Quality seedlings grow into quality plants

By Lee Reich, AP Weekly Features
Saturday May 18, 2002

Almost everywhere you turn, flats of seedlings are crying out to be bought — from drugstores, from supermarkets, from department stores, and, of course, from nurseries. 

Especially tempting are those flower seedlings already decked out with open blossoms, and tomato and pepper seedlings from whose stems dangle promising little fruits. Restraint is needed: Those seedlings that are most tempting aren’t necessarily the best ones to buy. 

The ideal seedling makes the transition from seed to open ground without any hesitation in its growth, hardly knowing it has been moved. Such a plant has been well-fed, but not overfed, has been bathed in bright light, and has had no cramping from its neighbors. 

Seedlings’ leaves should be lush green, not blue-green or turning yellow or brown. Plant size should be in proportion to the volume of soil, no more than three to four times the depth of the container. Those stems also should be stocky. 

If the plants aren’t gangly in their containers, their roots probably have adequate room. You might want to inspect the roots anyway, just to make sure, by gingerly sliding a plant out of its cell. Do not buy a plant that is potbound, with dense masses of roots circling around the bottom of the root ball. A few roots at the edge of a rootball are OK, and means that a plant is just about ready for transplanting.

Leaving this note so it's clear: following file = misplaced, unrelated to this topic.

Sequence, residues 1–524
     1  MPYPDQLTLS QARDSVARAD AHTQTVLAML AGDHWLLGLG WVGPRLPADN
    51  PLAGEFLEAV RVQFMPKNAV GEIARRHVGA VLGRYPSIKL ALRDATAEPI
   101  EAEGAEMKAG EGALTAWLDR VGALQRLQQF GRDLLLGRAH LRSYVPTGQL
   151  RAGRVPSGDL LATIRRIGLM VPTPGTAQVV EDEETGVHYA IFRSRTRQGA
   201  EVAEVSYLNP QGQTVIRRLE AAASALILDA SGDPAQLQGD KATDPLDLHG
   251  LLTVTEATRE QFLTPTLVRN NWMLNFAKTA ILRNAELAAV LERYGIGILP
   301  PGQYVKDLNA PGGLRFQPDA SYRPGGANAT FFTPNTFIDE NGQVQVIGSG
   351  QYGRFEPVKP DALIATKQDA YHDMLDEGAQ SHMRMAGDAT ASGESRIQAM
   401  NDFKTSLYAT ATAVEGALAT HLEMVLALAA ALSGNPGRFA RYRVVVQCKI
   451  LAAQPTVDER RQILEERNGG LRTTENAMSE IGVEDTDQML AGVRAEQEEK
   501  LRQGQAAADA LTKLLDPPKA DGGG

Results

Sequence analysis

One more thing to look for is something you might already have noticed, something that might have initially have drawn you to a particular flat of plants. Flowers or fruits, of course. They are bad signs — those flowers or fruits. 

Stress, such as cramped roots, often makes plants flower or fruit prematurely. Tomato fruits already on a young seedling will ripen, and ripen early, but the plant ultimately will produce fruits that are small and few. Broccolis already beginning to head up will produce only “buttons.” Flower plants already flowering will be stunted although they might recover if you pinch the flowers off. 

Any seedling that you finally buy — seek those stocky, verdant, and not flowering, fruiting, or overgrown — spent most of its life in a greenhouse, so it needs to get accustomed to the bright sun, wind, and cooler temperatures of the real world. After you buy them, keep seedlings outdoors in a spot sheltered somewhat from the elements for about a week before transplanting them into the garden.